Monastery of Valsamoneron 
    The Monastery was probably built during the first centuries of the Venetian occupation. There are incised inscriptions since 1332. The northern aisle was the first to be built; the rest, as well as the exonarthex, were added later.
    The northern aisle is dedicated to the Virgin, the southern to St John the Precursor and dated in 1400-1428 and the lateral to St Phanourios, whose frescoes were painted in 1438 by the Cretan painter Constantinos Ricos. The church' s frescoes are very important and well preserved.
    Monastery of Toplou
    It is an historical monastery of the 15th century, which collapsed in the earthquake of 1612 and was rebuilt with the financial aid of the Venetians. During the Ottoman conquest of Crete, the monastery was destroyed and devastated by the Turks. In 1704 the monastery was declared stauropegion. During the Ottoman occupation there was a school in the monastery, while, after 1870, it was founded there a school of mutual teaching.
    The Monastery is a stauropegion fortress. The main building of 800 m2 has three floors, which are divided into cells, guest - houses, kitchens, the abbot' s residense and warehouses. The katholicon is a two-aisled church; the northern aisle is dedicated to the Virgin, and the southern posterior aisle, to St John the Theologian. The monastery' s characteristic bell tower bears relief crowns and crosses with inscriptions and the date 1558.
    VRONDISI MONASTERY
    The monastery overlooks the plain of Mesara and the Libyan Sea on one side while the peaks of Psiloritis dominate the other side. It is a two-aisled church, and Saint Anthony and Saint Thomas are its patron saints. The bell tower has an independent entrance and is composed of four arches. The earliest written reference to the monastery is dated 1474. However, the monastery is older than that and it may have been in existence since the second Byzantine era.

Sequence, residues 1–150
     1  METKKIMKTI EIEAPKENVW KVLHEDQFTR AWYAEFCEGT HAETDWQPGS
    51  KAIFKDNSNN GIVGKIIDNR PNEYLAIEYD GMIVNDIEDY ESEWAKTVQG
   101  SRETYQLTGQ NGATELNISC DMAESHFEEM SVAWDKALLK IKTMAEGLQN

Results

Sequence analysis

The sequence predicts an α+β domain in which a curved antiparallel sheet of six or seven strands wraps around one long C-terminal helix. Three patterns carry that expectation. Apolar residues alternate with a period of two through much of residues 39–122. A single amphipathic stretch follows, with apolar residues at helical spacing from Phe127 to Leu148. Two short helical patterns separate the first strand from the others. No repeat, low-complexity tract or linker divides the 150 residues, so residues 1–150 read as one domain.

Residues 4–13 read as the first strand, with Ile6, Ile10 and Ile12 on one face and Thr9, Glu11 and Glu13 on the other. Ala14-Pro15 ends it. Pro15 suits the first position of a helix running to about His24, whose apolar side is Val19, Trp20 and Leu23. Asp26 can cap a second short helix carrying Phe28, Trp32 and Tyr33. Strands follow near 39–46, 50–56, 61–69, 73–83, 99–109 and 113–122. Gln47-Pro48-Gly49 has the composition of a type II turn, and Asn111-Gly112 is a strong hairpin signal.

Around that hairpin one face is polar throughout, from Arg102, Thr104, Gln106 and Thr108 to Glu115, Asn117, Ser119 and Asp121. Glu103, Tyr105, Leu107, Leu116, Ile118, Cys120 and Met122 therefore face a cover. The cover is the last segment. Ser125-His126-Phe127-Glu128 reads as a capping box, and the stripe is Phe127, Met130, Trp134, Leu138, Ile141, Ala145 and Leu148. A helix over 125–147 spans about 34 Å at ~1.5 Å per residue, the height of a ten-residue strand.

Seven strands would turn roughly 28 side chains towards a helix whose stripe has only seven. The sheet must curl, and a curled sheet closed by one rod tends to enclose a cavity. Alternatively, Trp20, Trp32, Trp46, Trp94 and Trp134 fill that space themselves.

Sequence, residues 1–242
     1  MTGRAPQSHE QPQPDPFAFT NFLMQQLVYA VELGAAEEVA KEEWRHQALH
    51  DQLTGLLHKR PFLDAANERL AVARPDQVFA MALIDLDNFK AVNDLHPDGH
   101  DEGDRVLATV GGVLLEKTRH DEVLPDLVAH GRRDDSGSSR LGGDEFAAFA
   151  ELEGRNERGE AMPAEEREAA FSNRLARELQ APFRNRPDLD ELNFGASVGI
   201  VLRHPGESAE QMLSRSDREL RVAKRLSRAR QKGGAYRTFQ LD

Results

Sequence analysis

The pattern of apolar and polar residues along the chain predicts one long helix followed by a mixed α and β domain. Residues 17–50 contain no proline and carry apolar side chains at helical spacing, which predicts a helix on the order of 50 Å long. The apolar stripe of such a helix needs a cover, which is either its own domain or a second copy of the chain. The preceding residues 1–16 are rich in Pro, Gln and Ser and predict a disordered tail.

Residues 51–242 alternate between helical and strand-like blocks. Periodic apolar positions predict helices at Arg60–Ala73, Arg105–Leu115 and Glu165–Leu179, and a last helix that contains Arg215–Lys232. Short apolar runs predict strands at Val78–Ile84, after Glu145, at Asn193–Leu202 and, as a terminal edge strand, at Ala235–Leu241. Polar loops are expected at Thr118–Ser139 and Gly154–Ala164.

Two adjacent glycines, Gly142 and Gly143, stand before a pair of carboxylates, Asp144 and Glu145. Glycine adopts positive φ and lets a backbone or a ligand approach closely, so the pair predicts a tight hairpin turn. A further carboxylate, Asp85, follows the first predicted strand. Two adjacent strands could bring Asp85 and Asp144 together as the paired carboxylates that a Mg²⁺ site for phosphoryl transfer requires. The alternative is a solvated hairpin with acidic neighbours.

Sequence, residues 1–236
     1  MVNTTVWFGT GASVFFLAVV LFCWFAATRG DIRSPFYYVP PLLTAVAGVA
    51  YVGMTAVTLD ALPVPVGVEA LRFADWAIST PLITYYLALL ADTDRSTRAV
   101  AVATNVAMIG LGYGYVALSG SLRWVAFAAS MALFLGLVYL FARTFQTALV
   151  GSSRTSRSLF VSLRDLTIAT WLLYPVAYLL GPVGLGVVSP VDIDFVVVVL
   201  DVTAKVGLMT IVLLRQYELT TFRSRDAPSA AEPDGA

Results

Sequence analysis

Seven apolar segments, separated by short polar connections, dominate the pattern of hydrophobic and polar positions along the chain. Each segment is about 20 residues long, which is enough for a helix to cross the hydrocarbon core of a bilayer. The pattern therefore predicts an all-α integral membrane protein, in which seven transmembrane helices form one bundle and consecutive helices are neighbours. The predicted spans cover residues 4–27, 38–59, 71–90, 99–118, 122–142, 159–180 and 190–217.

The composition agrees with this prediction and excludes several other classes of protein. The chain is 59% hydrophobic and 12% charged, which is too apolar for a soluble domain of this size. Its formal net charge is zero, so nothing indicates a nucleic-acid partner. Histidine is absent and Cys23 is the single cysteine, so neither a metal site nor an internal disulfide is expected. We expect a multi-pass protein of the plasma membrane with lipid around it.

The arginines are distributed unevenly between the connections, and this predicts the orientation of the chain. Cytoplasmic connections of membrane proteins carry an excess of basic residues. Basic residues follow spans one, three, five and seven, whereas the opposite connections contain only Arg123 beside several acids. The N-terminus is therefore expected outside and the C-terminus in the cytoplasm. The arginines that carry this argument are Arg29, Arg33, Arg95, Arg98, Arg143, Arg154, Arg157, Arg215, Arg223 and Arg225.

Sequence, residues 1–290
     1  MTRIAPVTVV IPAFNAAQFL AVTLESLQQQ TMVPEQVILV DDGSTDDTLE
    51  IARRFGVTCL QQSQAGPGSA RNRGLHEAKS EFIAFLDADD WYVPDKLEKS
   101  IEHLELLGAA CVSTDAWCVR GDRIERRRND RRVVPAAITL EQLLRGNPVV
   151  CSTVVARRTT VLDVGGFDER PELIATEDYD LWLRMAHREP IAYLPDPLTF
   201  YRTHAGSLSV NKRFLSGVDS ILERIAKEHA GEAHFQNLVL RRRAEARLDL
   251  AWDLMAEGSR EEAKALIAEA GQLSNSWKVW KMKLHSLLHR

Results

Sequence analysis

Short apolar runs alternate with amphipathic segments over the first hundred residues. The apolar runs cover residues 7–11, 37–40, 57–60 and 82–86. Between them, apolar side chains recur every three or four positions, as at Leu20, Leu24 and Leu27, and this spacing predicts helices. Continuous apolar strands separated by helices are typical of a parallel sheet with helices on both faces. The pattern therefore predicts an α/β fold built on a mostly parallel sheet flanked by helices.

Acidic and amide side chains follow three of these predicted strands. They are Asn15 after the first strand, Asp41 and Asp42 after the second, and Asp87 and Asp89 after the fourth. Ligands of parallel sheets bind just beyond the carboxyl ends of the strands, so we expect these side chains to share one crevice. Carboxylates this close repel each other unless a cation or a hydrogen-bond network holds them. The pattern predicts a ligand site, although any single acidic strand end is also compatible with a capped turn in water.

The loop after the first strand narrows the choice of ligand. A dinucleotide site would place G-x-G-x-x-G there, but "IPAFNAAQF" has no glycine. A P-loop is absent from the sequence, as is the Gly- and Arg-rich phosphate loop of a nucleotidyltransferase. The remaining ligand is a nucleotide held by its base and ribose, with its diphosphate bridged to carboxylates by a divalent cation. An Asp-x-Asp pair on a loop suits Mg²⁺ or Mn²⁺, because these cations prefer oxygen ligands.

During Venetian rule, the monastery included notable painters and scholars in its community. Michalis Damaskinos, a famed painter of religious works, painted six of his best icons while at Vrondisi. His works combined elements of Byzantine and Renaissance art. These icons are now in the Museum of Agia Ekaterini in Heraklion. As with many monasteries on Crete, Vrondisi played an important role during the various struggles of the Cretan population. It was the headquarters of Captain Michalis Korakas during the revolutions against the Turks in 1866 and 1878. The monastery and its community received sharp reprisals as a result of this revolutionary activity.
    AGHIA TRIADA
    The monastery of Agia Triada (Holy Trinity) was built in the seventeenth century by two brothers of the Venetian Zangaroli family--monks who had converted to the Orthodox faith. It was built on top of a pre-existing church. The church itself is of Byzantine cruciform architecture with three domes. The larger one is at the intersection of the aisles, while the smaller domes are at the back. The two chapels of the church also have domes, as does the chapel of Sotiras which is independent of the church. The church has a narthex at the front which is at right angles to the main aisle and much wider than it. The main church is dedicated to the Agia Triada and the two side chapels to Agios Ioannis Prodromos. The church is a very good example of the heavy, decorative Western-style influence in the exterior decoration of Byzantine churches. The facade of the church has double columns of Ionic and Corinthian style and an inscription. A large bell tower was added later, in 1864. There are two inscriptions at the entrance to the church: one in Latin and one in Greek, representing the background of the founders. The monastery was an important theological school in the nineteenth century.